Now that the Israelis have received and celebrated an Azov delegation and are selling some military gear to the Ukraine, the Russians are drawing their own conclusions. And since the Saudis and Iranians have reconciled – read Sunni and Shia – this leaves Israel out in the open with only the Biden White House to protect them. Scary thought that. If the Russians are changing their position and China has announced an interest in the Palestinians, this may be a chance for the Israelis to reconcile with the Palestinians and achieve a more secure position in the Middle east. Unfortunately for the Israelis, their present government would fight that happening to the bitter end and are playing the zero-sum game.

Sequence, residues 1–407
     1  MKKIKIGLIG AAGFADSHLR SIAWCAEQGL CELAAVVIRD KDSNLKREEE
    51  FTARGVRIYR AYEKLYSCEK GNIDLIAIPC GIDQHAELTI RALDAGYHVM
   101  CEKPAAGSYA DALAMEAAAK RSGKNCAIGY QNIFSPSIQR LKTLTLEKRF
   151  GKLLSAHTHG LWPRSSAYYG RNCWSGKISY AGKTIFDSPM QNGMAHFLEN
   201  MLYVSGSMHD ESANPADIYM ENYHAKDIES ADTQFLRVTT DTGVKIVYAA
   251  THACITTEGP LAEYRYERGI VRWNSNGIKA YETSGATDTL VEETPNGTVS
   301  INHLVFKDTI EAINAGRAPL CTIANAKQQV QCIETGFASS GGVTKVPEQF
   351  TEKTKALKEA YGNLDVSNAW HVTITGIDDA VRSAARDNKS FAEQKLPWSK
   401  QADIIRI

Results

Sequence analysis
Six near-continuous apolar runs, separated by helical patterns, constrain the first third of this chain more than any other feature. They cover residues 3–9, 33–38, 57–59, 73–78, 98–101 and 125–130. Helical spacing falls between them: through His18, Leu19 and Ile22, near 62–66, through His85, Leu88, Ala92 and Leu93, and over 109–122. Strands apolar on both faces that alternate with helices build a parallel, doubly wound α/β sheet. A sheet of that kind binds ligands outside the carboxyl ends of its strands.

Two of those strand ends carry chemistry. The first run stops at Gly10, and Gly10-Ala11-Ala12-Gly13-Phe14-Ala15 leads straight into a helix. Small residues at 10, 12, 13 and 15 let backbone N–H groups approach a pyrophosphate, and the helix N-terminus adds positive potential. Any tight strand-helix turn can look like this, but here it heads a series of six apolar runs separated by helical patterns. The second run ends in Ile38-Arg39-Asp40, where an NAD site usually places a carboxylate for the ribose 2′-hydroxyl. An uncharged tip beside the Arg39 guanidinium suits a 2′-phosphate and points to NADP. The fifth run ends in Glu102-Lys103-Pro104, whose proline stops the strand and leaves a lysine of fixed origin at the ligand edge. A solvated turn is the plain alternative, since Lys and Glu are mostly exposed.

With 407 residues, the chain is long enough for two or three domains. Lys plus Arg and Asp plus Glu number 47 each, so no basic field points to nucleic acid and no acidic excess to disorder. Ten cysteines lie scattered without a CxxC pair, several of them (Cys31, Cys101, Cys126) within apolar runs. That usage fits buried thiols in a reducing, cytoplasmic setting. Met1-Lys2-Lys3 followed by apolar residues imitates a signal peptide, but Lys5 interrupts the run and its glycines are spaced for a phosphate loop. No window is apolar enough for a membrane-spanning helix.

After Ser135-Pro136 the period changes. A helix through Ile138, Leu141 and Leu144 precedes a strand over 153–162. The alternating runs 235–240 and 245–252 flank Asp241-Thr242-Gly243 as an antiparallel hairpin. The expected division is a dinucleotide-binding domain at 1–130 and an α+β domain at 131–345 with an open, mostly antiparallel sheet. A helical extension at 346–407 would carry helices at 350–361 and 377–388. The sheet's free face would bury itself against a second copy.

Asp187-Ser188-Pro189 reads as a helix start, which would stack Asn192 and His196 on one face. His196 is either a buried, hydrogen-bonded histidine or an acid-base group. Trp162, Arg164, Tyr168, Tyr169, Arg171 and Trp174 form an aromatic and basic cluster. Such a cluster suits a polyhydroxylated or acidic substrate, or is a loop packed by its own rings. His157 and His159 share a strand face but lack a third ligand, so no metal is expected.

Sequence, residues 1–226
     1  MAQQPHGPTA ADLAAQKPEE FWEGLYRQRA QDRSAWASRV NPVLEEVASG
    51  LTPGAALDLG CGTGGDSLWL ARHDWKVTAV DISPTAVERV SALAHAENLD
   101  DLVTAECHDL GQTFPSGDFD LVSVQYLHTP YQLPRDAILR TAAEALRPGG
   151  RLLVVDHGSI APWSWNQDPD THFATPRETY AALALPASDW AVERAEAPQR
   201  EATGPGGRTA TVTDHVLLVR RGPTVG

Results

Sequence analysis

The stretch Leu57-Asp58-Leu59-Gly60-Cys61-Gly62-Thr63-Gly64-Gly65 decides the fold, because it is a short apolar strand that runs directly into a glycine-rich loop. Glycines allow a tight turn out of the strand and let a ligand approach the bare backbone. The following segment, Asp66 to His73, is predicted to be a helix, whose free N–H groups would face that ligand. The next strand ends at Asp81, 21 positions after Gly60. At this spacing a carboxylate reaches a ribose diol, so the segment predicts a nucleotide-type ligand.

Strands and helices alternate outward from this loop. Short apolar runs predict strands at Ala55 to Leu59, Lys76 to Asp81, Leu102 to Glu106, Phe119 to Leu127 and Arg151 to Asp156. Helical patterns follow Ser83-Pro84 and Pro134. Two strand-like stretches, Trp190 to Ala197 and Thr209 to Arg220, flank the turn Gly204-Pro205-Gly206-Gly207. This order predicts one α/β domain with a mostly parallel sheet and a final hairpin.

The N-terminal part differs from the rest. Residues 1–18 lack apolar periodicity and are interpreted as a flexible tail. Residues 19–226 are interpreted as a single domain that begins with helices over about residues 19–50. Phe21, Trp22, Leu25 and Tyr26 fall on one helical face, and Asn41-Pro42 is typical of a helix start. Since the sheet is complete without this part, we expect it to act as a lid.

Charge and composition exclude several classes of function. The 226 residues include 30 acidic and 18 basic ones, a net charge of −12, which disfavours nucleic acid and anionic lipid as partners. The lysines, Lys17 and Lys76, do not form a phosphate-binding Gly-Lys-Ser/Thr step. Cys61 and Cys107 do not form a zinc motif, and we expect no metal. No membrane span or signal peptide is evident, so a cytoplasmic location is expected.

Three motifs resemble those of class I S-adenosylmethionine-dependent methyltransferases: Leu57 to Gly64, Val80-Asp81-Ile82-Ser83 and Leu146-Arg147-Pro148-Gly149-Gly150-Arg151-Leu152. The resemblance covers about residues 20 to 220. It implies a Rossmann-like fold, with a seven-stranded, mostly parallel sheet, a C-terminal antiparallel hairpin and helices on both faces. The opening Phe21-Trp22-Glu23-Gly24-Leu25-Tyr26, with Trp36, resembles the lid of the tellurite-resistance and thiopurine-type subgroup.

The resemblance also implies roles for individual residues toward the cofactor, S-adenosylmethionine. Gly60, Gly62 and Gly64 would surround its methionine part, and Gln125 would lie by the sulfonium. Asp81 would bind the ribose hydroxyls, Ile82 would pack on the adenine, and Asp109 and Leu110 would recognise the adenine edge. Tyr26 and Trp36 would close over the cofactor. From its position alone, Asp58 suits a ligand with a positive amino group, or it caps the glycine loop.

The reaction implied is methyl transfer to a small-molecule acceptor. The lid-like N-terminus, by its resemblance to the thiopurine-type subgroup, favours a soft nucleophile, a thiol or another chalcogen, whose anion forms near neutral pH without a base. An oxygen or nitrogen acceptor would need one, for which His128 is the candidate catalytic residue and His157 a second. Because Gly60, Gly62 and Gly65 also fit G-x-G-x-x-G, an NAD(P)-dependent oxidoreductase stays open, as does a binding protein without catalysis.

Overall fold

1. timbers

      And yet, what did Putin do in response to Israel’s killing of Russian soldiers? Basically nothing. Endlessly flexible “red lines”. But things have changed now. Israel is on the wrong side of history along with the West. Time for Russia to announce consideration of supplying appropriate advanced weapons to North Korea (in retaliation of South Korea supplying arms to Ukraine) AND also to Syria Iran and an appropriate representative of the Palestinians. Let Israel & S Korea figure out what’s REALLY in their self interest. Or not, and pay a price.

      1. Louis Fyne

        —And yet, what did Putin do in response to Israel’s killing of Russian soldiers? Basically nothing. Endlessly flexible “red lines”.—

        The West consistently and crudely interprets restraint (and rationality) of its adversaries as weakness.

        This is how the West got stuck in the present Ukraine quagmire and its deluded circle jerk of Russian weakness.